(NEW YORK) — In response to a pending Israeli Knesset bill criminalizing speech denying or downplaying the October 7 Hamas terror attack amid a broader campaign of arrests for “incitement” in the country, PEN America issued the following statement:

“Israeli lawmakers must step back from broadening an already concerning campaign against free expression in Israel. Denial of the October 7 atrocities is heinous, but the response cannot be to enact legislative restrictions on speech. The vague language of the law risks making a range of speech illegal, and casting a broad chilling effect on expression. A democratic country must make room for individuals to voice their political opinions, even if they are considered incendiary or baseless. The Israeli government should not let this law pass, and Israeli authorities must stop censoring social media and restricting peaceful expression, including book events and protests.”

Israel’s Knesset on Wednesday, February 7, approved in preliminary reading a draft bill, “Prohibition on Denial of the October 7 Massacre.” The bill would punish anyone who “publishes statements denying the October 7 massacre or diminishing its scale,” as well as anyone who “publishes statements of praise, sympathy or identification with the aforesaid actions” to five years imprisonment, according to the Knesset’s press release. Israeli lawmakers reportedly modeled the law on legislation criminalizing Holocaust denial, but Israeli civil rights activists have warned that the bill would chill free expression and do little to stem misinformation related to the ongoing violence. The bill comes in the context of Israeli authorities having detained scores of people for expressing solidarity with Palestine or calling for a ceasefire under the guise of “incitement.”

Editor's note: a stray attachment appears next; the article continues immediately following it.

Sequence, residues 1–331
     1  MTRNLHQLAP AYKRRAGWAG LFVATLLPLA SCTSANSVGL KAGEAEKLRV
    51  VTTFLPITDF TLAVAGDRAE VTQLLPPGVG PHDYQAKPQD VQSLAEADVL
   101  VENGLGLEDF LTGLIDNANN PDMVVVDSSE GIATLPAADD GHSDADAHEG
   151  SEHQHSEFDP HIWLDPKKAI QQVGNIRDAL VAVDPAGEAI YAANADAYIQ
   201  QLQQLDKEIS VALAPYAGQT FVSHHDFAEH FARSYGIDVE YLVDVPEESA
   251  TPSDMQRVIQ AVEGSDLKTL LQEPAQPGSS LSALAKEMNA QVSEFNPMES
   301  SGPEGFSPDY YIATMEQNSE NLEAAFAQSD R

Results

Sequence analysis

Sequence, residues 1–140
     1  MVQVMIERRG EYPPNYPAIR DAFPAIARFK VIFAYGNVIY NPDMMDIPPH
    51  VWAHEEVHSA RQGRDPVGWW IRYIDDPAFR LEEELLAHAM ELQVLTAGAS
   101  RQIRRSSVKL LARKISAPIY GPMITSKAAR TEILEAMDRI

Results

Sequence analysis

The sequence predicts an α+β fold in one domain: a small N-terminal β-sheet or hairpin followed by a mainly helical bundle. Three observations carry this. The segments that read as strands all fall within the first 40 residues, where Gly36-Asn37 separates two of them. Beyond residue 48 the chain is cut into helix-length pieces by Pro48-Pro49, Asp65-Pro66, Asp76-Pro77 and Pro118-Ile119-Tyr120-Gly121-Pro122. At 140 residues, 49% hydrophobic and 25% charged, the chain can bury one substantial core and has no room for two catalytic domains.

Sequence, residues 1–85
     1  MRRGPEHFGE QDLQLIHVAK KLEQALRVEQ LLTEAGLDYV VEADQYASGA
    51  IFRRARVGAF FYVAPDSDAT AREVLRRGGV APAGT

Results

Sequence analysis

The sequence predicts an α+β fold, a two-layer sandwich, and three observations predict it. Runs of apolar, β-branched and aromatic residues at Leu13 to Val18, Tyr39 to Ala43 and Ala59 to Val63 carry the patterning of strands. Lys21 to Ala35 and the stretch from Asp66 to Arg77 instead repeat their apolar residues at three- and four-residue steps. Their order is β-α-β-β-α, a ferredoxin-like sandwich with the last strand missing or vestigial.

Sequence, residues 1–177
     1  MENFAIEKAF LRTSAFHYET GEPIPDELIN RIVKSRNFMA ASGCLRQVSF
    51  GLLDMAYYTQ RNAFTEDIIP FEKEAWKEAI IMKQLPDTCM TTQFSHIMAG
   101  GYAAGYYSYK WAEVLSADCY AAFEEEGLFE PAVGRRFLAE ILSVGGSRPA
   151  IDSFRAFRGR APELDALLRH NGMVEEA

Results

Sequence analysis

Israeli authorities’ crackdown on free expression has also included a literary event focused on work published outside the country. On February 7, in response to public pressure, including from the families of victims of a 2003 deadly Hamas attack in the area, municipal authorities in Haifa announced that they had indefinitely postponed the planned launch of the Hebrew translation of Colum McCann’s novel Apeirogon. The event had been scheduled to take place at Beit Hagefen, a cultural center aiming to bring Palestinians and Israelis together and that operates in a city-owned building. City authorities said the event was canceled in coordination with Beit Hagefen, but added in the same announcement that they were also investigating the center’s activities over the past several months. The government didn’t specify the reason for the investigation. The book event ultimately took place at a different venue, although the Palestinian father featured in the book was barred from traveling to Haifa from the West Bank to attend.  

About PEN America

PEN America stands at the intersection of literature and human rights to protect open expression in the United States and worldwide. We champion the freedom to write, recognizing the power of the word to transform the world. Our mission is to unite writers and their allies to celebrate creative expression and defend the liberties that make it possible. Learn more at pen.org.

Contact: Dietlind Lerner, [email protected] tel. +1 310 699 8775